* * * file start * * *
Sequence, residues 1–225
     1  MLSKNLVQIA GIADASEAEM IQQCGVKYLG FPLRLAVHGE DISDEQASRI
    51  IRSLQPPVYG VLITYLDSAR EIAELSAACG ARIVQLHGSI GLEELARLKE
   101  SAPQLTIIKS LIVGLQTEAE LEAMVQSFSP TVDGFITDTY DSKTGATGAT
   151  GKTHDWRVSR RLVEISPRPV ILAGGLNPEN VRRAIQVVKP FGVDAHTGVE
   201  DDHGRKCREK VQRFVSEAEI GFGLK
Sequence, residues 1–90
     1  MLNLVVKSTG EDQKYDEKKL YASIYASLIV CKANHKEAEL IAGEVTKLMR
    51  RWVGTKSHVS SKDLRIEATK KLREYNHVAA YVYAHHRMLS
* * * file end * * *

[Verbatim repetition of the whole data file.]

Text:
Sequence, residues 1–225
     1  MLSKNLVQIA GIADASEAEM IQQCGVKYLG FPLRLAVHGE DISDEQASRI
    51  IRSLQPPVYG VLITYLDSAR EIAELSAACG ARIVQLHGSI GLEELARLKE
   101  SAPQLTIIKS LIVGLQTEAE LEAMVQSFSP TVDGFITDTY DSKTGATGAT
   151  GKTHDWRVSR RLVEISPRPV ILAGGLNPEN VRRAIQVVKP FGVDAHTGVE
   201  DDHGRKCREK VQRFVSEAEI GFGLK
Sequence, residues 1–90
     1  MLNLVVKSTG EDQKYDEKKL YASIYASLIV CKANHKEAEL IAGEVTKLMR
    51  RWVGTKSHVS SKDLRIEATK KLREYNHVAA YVYAHHRMLS